In a preferred embodiment of the invention, the essentially vertical rods of the side frames are arranged in pairs with the transverse rods being disposed between each pair or rods and fastened thereto. Additionally, the longitudinal rods of the shelf frames are arranged in pairs, with transverse rods disposed between each pair of rods and fastened thereto. Preferably, this embodiment is characterized in that the notches are located to produce spring deformations in the substantially vertical rods of the side units.

The design according to the invention, aside from the above-mentioned resiliency, also provides the possibility of resilient deformations in the side frames, wherein these deformations are independent of those in the shelf frames, and the plane of the deformations is parallel to the planes which are defined by each pair of vertical rods of the side frames.

FURTHER TECHNICAL PROBLEM

The invention also provides a method of manufacturing the shelving unit of the type specified above, the method to produce a more stable, simple and inexpensive product.

FURTHER SOLUTION

According to the invention, the manufacturing is done in stages; side frames are made of pairs of substantially vertical rods which are connected with transverse rods, and shelf frames are made of pairs of longitudinal rods which are connected with transverse rods, notches being provided in the longitudinal rods at the front and rear edges of the shelf frames, said notches being adapted to engaged the substantially vertical rods of the sides frames when the shelf frames are inserted therebetween and is characterized in that the notches are made by plastic working of the longitudinal rods of the shelf frames, wherein the vertical cross-section of the rods in the area of the notches becomes enlarged.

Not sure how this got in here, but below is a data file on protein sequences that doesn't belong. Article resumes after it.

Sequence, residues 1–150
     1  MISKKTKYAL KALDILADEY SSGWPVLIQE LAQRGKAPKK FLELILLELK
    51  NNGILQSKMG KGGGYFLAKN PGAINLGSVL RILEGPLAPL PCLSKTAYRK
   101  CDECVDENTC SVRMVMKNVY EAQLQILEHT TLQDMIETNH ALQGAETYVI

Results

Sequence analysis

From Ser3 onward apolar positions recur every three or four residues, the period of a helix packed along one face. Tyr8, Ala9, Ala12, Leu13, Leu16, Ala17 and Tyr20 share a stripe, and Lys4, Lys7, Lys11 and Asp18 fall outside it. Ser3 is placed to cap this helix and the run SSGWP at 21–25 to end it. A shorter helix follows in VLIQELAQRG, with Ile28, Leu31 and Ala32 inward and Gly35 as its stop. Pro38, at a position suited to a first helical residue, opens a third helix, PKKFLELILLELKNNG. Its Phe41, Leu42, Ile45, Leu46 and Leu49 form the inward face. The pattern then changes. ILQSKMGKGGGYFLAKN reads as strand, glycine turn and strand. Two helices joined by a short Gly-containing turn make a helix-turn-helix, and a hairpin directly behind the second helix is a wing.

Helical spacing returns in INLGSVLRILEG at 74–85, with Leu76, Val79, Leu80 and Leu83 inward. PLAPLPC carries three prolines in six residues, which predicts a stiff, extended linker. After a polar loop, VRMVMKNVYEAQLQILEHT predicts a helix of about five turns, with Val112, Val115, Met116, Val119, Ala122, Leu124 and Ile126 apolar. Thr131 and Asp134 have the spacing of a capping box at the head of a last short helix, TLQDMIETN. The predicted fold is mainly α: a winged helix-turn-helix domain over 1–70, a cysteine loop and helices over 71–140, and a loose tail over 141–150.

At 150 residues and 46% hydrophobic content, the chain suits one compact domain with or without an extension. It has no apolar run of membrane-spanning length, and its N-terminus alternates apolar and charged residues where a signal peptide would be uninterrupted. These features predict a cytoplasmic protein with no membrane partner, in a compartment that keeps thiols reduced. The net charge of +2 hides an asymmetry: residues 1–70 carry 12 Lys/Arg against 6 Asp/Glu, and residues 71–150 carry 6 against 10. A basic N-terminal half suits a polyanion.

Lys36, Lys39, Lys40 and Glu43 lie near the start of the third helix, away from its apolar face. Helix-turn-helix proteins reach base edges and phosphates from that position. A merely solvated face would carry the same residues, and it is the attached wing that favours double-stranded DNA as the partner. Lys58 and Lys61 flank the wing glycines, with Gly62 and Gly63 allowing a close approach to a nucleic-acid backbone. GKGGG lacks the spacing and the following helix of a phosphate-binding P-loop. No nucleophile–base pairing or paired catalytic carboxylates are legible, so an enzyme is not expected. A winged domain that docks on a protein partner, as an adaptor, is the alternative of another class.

These features allow, firstly, a very fast and inexpensive production of the shelving units of the invention and, secondly, provide for considerably greater contact surfaces of the notches for the vertical rods of the side frames, particularly in their longitudinal direction.

BRIEF DESCRIPTION OF THE DRAWINGS

The invention is to be described more in detail below, reference is being had to the accompanying drawings on which:

FIG. 1 is a perspective view of a side frame and a shelf frame to be connected thereto;

FIG. 2 is a sectional view, approximately of the line A--A of FIG. 1;

FIG. 3 is a section corresponding to the section A--A of FIG. 1, with two shelf frames being attached to one side frame;

FIG. 4 is a sectional view of another, modified embodiment, wherein the section corresponds to the section A--A in FIG. 1;

FIG. 5 is a local view of one corner area of the shelf frame.

PREFERRED EMBODIMENT

The basic idea behind the invention is that the inventive shelf unit should be stable and substantially rigid without the use of cross-bracing or the like and inspite of the fact that the components constituting the shelf unit could be allowed to have moderate or, even, bad tolerances. According to the invention there is, therefore, created a number of mutually independent spring deformations in the components constituting the shelf unit, thus obtaining both great clamping forces and compensation of the tolerances. By using several independent spring deformations there is, as a whole, achieved great spring forces, long spring lengths and spring forces varying only slightly within the spring length. Such spring deformations are created in several different components and, possibly, in several different directions in each component.

The spring deformations mentioned above also produces biasing forces in one or more of the components constituting the shelf unit thereby to improve stability.

As shown in FIG. 1, the shelving unit comprises a side frame which consists of two pairs of vertical rods, viz. two front vertical rods 1, 2 and two rear vertical rods 3, 4. These two pairs or rods are connected together by substantially horizontal crossbars 5, 6 spaced regularly or non-regularly. The cross-bars are secured, by welding, between the vertical rods.